The new year brings a reset of the clock, a fresh start and the ability to naturally reset on many fronts. With all the moving parts and limited resources, small businesses can also feel behind the eight ball already once the calendar turns. We have already seen examples of businesses getting caught. You may have a number of these nailed already, but have you touched on them all? Here are five reminders to avoid common pitfalls and help get the year off to the right start.
Tax payment considerations – Have you reviewed your estimated year end results with your CPA? Tax outlays and their impact on cash can be significant. Do you need to adjust your January estimated payments accordingly? What are the implications for March/April? Do you need to accumulate more cash or is your tax liability lower than expected? Many businesses who have seen results decline are finding estimated payments can be trimmed materially. Do you know the answer for your business?
Cash considerations – Have you looked closely at your forecasted cash flow? Just as with taxes, there can be big outlays at the start of the year and other one-time payments/renewals, etc. It an also be a time when customers are a little slower with paying invoices due to the holidays and getting caught up. Are you unknowingly setting yourself up for a cash crunch? How do you know?
Reporting requirements – What reporting requirements do you have in your business? Almost all lenders require annual financial statements. Do you know your deadline and what covenants you have in place? They may be different at year end. Insurance carriers, strategic partners and key customers and vendors may also require info on the prior year. If you are audited or reviewed, what deadlines has the CPA firm set? And of course, you want to get financials off to your tax CPA to get out ahead of annual tax deadlines. Does your team have a list of all these deadlines and what is required. Are you on track to meet them?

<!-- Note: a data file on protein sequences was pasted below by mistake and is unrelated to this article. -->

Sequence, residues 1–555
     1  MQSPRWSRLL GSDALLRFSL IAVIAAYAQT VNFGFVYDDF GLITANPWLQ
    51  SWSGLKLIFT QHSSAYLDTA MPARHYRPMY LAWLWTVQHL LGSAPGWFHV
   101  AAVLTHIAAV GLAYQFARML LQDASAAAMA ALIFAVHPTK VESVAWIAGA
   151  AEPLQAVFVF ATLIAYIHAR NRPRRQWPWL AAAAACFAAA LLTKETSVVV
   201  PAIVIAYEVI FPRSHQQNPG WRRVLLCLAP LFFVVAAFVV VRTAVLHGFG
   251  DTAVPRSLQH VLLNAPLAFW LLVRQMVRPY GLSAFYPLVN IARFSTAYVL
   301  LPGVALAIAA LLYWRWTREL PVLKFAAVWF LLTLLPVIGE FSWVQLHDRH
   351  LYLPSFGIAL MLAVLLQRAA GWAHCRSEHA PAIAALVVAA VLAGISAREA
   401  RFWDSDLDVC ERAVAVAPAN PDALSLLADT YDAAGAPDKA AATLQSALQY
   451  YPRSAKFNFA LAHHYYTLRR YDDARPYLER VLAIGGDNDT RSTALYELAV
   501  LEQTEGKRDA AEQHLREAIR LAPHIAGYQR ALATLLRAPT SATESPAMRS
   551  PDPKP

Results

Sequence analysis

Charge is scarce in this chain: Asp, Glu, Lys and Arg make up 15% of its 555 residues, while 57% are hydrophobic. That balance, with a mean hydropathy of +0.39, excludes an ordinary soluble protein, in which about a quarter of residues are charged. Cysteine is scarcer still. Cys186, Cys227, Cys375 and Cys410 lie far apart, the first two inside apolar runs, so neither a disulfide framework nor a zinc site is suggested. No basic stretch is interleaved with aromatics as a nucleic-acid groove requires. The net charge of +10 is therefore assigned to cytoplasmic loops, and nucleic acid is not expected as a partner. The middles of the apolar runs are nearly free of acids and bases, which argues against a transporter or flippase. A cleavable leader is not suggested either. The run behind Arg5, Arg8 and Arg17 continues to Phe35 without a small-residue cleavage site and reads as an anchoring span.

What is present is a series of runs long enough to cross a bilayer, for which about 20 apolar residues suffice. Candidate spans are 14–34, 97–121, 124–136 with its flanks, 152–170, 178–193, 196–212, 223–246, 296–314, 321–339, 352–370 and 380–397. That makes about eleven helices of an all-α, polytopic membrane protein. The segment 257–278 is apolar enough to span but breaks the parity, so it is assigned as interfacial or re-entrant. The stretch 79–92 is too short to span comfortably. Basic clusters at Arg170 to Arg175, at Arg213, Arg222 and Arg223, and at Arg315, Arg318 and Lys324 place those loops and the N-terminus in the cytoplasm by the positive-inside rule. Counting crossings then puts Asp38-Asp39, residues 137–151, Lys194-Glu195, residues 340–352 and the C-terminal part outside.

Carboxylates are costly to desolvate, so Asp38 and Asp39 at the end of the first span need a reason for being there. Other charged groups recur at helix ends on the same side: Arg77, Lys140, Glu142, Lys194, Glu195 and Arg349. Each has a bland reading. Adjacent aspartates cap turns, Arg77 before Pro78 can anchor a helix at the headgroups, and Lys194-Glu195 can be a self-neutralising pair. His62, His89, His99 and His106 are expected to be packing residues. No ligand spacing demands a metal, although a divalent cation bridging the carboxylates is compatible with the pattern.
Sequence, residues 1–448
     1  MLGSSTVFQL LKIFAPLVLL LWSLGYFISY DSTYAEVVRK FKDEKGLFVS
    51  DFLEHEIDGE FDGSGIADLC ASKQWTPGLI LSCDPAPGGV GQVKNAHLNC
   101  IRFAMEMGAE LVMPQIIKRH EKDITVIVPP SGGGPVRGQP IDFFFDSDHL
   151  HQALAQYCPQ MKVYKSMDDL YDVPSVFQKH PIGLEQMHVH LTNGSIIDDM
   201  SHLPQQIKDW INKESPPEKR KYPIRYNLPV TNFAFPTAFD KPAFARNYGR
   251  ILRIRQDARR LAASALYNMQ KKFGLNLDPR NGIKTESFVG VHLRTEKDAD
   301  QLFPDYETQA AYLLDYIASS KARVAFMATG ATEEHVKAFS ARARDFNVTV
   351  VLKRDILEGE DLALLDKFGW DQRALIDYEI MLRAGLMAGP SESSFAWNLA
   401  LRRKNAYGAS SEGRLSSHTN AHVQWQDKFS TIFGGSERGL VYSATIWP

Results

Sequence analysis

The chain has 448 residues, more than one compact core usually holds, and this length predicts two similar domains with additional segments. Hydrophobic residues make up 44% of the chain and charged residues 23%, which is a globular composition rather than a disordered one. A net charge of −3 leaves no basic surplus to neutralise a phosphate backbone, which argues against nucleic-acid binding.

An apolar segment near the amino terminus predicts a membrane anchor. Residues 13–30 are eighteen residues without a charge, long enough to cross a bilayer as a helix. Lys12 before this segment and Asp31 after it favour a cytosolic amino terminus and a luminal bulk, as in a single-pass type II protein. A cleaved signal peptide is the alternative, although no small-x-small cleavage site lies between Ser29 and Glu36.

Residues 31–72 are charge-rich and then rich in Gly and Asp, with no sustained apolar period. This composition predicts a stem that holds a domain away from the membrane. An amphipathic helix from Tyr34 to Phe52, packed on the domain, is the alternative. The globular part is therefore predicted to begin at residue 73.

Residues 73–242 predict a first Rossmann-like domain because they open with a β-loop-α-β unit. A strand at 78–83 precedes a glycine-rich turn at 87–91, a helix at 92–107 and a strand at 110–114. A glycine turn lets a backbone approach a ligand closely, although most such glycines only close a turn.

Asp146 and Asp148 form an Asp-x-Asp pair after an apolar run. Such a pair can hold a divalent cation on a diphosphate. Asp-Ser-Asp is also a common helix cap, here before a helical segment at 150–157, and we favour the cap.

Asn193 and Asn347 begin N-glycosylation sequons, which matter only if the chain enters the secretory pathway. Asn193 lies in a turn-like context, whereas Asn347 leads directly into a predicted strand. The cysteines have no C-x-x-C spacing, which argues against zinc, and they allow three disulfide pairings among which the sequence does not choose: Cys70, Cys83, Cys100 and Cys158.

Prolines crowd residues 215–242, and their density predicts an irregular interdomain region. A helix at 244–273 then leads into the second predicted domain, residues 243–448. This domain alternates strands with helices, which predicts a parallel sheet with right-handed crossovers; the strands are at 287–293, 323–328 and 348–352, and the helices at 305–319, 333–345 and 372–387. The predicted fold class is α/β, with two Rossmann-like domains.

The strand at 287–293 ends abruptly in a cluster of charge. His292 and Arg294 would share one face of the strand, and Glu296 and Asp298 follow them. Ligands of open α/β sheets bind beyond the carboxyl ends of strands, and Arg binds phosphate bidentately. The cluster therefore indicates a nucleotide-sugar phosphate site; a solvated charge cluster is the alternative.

Sensible budget – Your budget may not be done, and that is okay. We see so often that the budget process is stressful for business owners, and even something that keeps getting avoided. Many also rush through it to meet an arbitrary deadline. What we firmly believe is most critical is that the budget makes sense, is a guide and learning tool for the business and is still meaningful 90 days into the year. What is still open? What information needs to be obtained and how can you get it? It is not too late to finish the budget. Get it done right, not necessarily lightning fast. Address the remaining open questions, and finish it with confidence.
Reaffirm policy changes – The start of the year often includes changes in policies within your company and those you work with. You may have instituted pricing changes and/or changes in terms with customers. Are those changes being reflected and enforced? Might follow up be needed or at least vigilance in case they are not being observed? For example, we saw a professional services firm make pricing changes 1/1, but many of their customers were making recurring payments and did not update amounts for 60 days. Did any businesses you buy from change their policies? Too often these fall through the cracks on both sides. Especially for those that are material to your business, stay on top of this to encourage good behavior from your customers out of the gate, and make sure you don’t get a surprise from a vendor or partner you rely on.
The new year is an exciting time. By not losing sight of some of the little things, you can prevent problems down the road that will trip many businesses up. The pressure is not all on you – ask questions of your team. Make sure you are a 5 out of 5, and you can then execute more confidently. Go boldly into the new year.
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